Hecuba, Albery Theatre, London

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The Independent Culture

Euripides' Hecuba is the tragedy that starts where other tragedies leave off: before the play opens, Hecuba, Queen of Troy, has seen her husband and all but one of her sons slaughtered in the Greek sack of the city, and she and her daughters have been enslaved.

Euripides' Hecuba is the tragedy that starts where other tragedies leave off: before the play opens, Hecuba, Queen of Troy, has seen her husband and all but one of her sons slaughtered in the Greek sack of the city, and she and her daughters have been enslaved. After that, it's downhill all the way. The only ray of light for Hecuba is the chance to avenge herself on her son's murderer, which she does with a ferocity and relish extreme even by the standards of Greek tragedy.

The title role is an extraordinary opportunity for an actress: Clare Higgins strolled off with last year's Olivier award for best actress in Jonathan Kent's staging at the Donmar. This RSC production was to have marked Vanessa Redgrave's return to Stratford after more than 40 years, though the Stratford run was cancelled because of her ill health. What's more, it is in a new translation by Tony Harrison: surely something special was to be expected.

Perhaps a degree of let-down was inevitable; but Laurence Boswell's production is deeply disappointing. Things start well enough. The audience is greeted by an appropriately monumental set (by Es Devlin), dominated by a vast cylinder in what looks like grooved concrete; this revolves to create a sort of brutalist amphitheatre.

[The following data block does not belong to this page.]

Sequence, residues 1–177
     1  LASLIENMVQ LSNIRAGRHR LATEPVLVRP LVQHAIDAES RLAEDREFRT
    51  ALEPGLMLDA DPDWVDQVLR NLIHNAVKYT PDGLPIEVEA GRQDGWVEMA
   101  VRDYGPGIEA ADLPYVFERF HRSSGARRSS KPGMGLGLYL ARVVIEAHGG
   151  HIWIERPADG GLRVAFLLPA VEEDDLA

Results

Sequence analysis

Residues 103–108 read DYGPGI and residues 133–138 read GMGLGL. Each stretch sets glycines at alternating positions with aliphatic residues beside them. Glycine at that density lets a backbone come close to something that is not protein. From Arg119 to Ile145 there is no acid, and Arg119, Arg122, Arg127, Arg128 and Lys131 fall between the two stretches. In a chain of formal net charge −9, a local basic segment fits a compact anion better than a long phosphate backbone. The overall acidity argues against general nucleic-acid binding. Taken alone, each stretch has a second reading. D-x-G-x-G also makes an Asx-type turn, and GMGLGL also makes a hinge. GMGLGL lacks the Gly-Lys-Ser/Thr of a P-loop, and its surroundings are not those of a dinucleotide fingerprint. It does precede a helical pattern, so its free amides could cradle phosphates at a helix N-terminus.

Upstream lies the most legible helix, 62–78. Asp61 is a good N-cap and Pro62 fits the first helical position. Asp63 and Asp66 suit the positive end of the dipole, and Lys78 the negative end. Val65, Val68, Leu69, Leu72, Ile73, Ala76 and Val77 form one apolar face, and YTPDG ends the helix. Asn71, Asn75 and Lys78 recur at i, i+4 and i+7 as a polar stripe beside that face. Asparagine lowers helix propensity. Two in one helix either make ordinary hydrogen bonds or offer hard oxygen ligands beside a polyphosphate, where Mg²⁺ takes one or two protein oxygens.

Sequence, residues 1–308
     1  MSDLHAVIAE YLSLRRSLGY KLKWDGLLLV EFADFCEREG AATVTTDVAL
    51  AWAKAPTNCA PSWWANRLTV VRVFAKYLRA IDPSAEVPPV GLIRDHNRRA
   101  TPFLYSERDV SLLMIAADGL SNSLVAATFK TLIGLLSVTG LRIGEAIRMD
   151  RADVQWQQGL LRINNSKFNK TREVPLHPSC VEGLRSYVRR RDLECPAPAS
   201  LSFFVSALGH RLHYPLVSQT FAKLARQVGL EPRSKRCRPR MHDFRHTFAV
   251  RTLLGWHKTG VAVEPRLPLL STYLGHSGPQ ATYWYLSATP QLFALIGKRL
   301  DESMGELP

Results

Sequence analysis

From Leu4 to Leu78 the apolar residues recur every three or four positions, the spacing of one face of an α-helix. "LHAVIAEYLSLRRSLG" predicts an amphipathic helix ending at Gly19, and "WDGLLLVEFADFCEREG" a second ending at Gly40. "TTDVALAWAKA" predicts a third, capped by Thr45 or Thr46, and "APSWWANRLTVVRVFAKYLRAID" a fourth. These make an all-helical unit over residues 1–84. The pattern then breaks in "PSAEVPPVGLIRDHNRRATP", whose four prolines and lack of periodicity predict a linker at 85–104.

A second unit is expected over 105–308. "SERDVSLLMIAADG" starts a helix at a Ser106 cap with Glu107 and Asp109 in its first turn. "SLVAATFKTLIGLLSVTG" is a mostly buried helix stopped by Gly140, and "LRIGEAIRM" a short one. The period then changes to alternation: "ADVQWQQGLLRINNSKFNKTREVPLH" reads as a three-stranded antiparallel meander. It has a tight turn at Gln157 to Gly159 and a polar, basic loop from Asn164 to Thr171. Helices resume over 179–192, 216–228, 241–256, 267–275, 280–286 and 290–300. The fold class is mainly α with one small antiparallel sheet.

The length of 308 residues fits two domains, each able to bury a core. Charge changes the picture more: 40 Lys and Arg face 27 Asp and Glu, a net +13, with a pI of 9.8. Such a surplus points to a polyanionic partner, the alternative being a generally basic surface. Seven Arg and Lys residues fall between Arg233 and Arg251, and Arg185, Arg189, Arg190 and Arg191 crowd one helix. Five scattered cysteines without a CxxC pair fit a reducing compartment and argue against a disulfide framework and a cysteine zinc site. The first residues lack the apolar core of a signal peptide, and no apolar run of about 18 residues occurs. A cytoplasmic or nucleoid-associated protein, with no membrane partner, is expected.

But the single most disastrous decision is to have the chorus of Trojan women sing their lines. As well as sounding intrusive, the device exposes a streak of clumsiness in Harrison's text - littered with intrusive alliterations (he is stuck on hard "G"s - "girl's gullet gashed open"), and resonances with contemporary Iraq are thickly underlined by repetition of "coalition".

It doesn't help that Mick Sands's music slips too often into a kind of Hollywood generic oriental. When Redgrave also launches into song, it becomes momentarily quite painful.

The first half never achieves the depths of feeling it should. None of the performances, Redgrave included, achieves the necessary clarity of feeling.

Odd moments suggest a plainer, stronger production fighting to get out; but the audience's engagement has been squandered.

To 7 May (0870 060 6621)

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